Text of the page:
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[34]

I have been thus particular in these explanations, that the nomenclature herein used may be fully understood. Aiken's Landing, on James river, a place about thirty miles distant by water from Richmond, and Vicksburg, were the first places selected for the delivery of the prisoners of both belligerents. At the former place I met General Lorenzo Thomas, the first Federal agent of exchange, in August, 1862. Not appreciating the magnitude of the work before us, we began to exchange officers by name, one for another. That method was, however, very soon abandoned for the more expeditious one of exchange by grade, or by equivalent in mass. Our first duty was to compute the paroles held by each side, and to declare exchanges so far as equivalents could be furnished. That computation left quite a balance of paroles in Confederate hands — that is, after all the Confederates, who had been captured and paroled, were declared exchanged, it was found there was an excess of Federal prisoners, for whom the United States could furnish no equivalents. Of course that excess continued to remain on parole until, from time to time, equivalents were furnished. This state of affairs, so far as captures and paroles were concerned, continued until July, 1863, when the disasters at Gettysburg and Vicksburg occurred. Yet, during that time, deliveries of Federal prisoners were made as fast as transportation was furnished. Indeed, more than once the United States authorities were urged to forward greater facilities for their removal.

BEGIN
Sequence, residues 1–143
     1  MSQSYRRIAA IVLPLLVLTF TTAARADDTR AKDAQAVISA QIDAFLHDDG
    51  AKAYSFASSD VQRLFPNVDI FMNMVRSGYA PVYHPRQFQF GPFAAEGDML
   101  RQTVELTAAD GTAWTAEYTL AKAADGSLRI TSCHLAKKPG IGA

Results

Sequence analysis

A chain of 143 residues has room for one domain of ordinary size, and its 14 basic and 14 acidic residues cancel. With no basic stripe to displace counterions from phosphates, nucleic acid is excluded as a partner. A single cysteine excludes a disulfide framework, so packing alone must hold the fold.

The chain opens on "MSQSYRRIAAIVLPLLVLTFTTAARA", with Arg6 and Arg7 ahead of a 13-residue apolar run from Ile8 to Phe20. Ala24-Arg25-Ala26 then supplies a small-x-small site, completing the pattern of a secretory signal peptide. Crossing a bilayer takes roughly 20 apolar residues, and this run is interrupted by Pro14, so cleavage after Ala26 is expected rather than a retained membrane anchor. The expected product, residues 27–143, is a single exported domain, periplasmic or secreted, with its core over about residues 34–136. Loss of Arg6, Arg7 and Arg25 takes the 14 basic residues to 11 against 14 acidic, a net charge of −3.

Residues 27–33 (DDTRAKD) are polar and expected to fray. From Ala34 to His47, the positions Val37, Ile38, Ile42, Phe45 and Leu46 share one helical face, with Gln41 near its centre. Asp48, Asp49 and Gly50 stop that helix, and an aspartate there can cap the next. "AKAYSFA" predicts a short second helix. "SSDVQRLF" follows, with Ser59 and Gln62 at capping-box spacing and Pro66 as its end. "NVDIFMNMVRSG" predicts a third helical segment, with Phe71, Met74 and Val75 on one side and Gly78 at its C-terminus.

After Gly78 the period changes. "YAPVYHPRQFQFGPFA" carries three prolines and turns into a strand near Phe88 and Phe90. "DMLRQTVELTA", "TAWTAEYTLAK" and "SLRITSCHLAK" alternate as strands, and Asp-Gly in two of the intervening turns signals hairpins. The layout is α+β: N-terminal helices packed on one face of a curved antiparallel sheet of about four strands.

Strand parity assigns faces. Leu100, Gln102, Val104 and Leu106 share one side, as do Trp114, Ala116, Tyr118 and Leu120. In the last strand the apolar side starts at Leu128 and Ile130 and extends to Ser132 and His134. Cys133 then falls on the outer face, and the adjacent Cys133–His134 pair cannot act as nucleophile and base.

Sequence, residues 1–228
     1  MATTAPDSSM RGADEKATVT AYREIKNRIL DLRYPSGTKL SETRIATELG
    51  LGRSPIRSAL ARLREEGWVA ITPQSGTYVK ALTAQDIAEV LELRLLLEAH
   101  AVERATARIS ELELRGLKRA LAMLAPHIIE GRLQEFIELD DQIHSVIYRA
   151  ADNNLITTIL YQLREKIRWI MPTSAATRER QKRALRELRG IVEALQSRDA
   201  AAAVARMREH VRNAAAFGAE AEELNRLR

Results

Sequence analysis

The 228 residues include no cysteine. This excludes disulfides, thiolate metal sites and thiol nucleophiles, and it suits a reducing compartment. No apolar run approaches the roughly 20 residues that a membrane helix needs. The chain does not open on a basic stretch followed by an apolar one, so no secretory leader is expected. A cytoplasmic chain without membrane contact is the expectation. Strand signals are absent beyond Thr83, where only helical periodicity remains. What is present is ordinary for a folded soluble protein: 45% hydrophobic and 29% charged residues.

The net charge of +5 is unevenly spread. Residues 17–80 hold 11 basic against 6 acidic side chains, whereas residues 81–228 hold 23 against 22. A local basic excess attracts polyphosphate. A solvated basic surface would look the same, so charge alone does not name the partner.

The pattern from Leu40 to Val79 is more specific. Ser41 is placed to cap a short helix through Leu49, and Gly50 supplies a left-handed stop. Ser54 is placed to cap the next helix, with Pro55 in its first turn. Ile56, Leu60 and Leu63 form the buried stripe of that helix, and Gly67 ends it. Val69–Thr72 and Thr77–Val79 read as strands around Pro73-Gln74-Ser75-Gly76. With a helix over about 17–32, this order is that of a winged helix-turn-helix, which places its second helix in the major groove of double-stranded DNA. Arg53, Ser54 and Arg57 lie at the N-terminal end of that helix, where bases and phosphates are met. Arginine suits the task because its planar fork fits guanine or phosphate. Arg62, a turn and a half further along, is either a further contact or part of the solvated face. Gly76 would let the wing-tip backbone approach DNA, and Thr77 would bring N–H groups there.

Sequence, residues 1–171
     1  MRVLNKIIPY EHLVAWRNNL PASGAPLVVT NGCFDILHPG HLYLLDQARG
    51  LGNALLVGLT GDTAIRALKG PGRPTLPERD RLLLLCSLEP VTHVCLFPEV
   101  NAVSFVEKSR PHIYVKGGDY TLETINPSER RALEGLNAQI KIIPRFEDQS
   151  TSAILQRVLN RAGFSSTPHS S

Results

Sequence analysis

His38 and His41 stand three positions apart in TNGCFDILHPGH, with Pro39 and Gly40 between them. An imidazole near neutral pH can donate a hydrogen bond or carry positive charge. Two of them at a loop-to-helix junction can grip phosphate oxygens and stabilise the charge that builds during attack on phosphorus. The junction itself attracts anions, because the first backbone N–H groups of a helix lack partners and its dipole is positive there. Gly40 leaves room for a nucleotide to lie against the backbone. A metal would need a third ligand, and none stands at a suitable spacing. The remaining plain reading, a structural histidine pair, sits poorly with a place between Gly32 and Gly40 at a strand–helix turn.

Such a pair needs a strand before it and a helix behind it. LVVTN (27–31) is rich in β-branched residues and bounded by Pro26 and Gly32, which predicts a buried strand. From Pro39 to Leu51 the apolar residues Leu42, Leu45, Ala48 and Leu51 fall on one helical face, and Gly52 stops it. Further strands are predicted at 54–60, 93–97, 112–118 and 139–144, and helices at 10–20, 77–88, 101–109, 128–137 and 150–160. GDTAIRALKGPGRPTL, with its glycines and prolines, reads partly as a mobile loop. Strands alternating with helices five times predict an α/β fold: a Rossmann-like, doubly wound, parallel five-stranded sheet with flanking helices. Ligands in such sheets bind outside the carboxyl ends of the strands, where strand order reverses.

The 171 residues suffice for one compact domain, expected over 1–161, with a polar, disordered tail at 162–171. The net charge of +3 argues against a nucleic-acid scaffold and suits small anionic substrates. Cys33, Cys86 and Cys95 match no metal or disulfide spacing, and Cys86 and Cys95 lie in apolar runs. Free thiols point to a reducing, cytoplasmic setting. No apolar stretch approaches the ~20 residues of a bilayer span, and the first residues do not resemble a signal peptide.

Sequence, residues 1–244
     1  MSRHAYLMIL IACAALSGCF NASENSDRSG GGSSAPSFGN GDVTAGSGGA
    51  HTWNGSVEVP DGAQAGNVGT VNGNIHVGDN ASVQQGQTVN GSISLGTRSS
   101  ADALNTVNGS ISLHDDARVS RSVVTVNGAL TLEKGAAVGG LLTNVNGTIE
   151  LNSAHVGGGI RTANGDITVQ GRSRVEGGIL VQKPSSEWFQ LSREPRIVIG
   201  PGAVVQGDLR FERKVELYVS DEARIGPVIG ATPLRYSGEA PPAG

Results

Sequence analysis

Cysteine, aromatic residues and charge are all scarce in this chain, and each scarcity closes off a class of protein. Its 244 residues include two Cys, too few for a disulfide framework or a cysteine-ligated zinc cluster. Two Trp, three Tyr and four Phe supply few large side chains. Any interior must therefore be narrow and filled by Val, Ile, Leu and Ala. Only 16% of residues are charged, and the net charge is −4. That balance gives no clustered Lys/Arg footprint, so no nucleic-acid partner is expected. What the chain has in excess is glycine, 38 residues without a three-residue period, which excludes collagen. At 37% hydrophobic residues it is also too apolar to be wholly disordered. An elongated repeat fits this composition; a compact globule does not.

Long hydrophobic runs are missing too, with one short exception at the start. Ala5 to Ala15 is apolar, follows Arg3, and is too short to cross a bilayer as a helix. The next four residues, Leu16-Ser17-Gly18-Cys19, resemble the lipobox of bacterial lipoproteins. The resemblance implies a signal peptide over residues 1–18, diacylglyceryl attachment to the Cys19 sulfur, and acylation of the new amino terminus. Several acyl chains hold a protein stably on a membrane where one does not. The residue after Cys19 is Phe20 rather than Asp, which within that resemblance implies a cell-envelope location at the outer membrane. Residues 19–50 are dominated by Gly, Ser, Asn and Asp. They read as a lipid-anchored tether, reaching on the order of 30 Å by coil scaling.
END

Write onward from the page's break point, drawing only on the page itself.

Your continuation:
After Vicksburg and Gettysburg the situation became changed, and the excess was thrown on the Federal side. From that day began the serious troubles of the exchange question, ending finally in the cessation of all deliveries, except in special cases. It is true that differences of interpretation of the cartel had existed before that time, and it is also true that there had been mutual complaints and charges of bad faith-such as refusing to deliver officers and men who had been declared exchanged. I had frequently complained that Confederate officers and men had been detained, sometimes in irons and close confinement under false or frivolous charges; that enlisted men had been treated as guerrillas or bushwhackers, and that recruiting officers, regularly commissioned and in uniform, had been executed as spies; yet exchanges up to that time went on without very serious difficulty. Complications of these kinds could generally be managed by threatened retaliation.

The practice of the agents of exchange up to May, 1863, had been to recognize paroles taken upon the battle-field, even though the parties thereto were not kept for some time in the possession of the capturing party, or delivered at the points designated in the

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